This presentatin will discuss how first, developers, particularly those who have needs that XTM or 13250 syntax can't satisfy, or satisfy in a subtopimal fashion, but who still wish to use the topic map paradigm. Second, information owners who need to understand or prove to themselves that information they have can be represented as a topic map, without necessarily being convered to XTM or 13250 syntax. Third, topic map experts who need to understand how several interchange syntaxes can be represented by the same data model. Fourth, knowledge managers who are looking for ways to interchange knowledge using their current syntaxes. 


11:00 am - 12:30 pm: Knowlege Communities Panel

The technology of knowledge management is springing up from the work of many communities. Some, like the library community, have had a long history of professional practice before the coming of computing technology. The artificial-intelligence community has a record of several decades of academic study and proprietary product development. The rise of the Internet and XML-based products has opened the possibilities for both new communities of knowledge practitioners-and vast potentials for new users of knowledge-based applications. The panel will look at the multiple communities that now are converging around new opportunities.


Eric Freese, Chair, 


Semantic Web Community: Eric Miller, W3C Semantic Web Activity Lead, World Wide Web Consortium 
Knowledge Organization/Library Community: Carol Jean Godby, Senior Research Scientist, OCLC Online Computer Library Center, Inc.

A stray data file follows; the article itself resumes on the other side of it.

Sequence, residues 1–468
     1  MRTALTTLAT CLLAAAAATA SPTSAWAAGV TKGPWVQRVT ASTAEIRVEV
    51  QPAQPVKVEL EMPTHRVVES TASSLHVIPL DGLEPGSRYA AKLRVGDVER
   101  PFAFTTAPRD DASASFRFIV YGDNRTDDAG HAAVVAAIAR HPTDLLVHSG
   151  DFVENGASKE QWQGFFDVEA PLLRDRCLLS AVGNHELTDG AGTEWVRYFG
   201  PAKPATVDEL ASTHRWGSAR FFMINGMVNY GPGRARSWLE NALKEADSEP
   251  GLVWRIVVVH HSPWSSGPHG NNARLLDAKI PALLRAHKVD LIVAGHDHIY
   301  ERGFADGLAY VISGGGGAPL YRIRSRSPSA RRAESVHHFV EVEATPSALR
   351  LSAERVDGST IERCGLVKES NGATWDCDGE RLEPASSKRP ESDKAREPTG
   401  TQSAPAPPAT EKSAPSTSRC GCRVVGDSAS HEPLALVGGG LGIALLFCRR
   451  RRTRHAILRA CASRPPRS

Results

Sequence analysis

Knowledge Representation/Artificial Intelligence Community: Carsten Tautz, Manager Research & Consulting, empolis Knowledge Management Division, Bertelsmann Mohn Media Group 
Knowledge Management Community: Chris Paladino, Project Manager, Accenture 


Nocturne: RDF Schema for Topic Maps 
Moderator: Lars Marius Garshol, Ontopia

Time & Date: Monday, March 11 - 7:30pm - 9:00pm

The goal for this workshop is that the participants will come out of it with a proposal for an RDF Schema for topic maps. The workshop will begin with a short introductory presentation setting out the goals for the session (in order of priority):

to define an RDF Schema for topic maps; 
as far as possible the schema should not redefine concepts that have direct equivalents in RDF (for example, perhaps rdf:type can be used for ); 
the schema should allow individual properties and classes from > that schema to be reused in other RDF applications; 
to understand the relationship between RDF terminology and topic map terminology, and 
to see to what extent public subjects can be made interoperable between topic maps and RDF, so that a public subject, once defined, can be used with both. 
The workshop will follow a set of slides setting out the constructs to be modelled in RDF based on the infoset data model for topic maps (which is to form the basis of the ISOs Standard Application Model), as well as issues related to them. The slides are intended as a means of structuring the discussions of the workshop.

Discussion on each slide will continue until the participants are satisfied with the solution, at which point what has been agreed upon will be captured, and the workshop will proceed with the next slide. The goal is that at the end of the workshop a complete, if possibly rough, schema for topic maps will have been proposed. This can then be reviewed via email by the participants and published on the web once complete.

The further course of action, if any, will be discussed among the participants of the workshop.


Prepared by Robin Cover for The XML Cover Pages archive.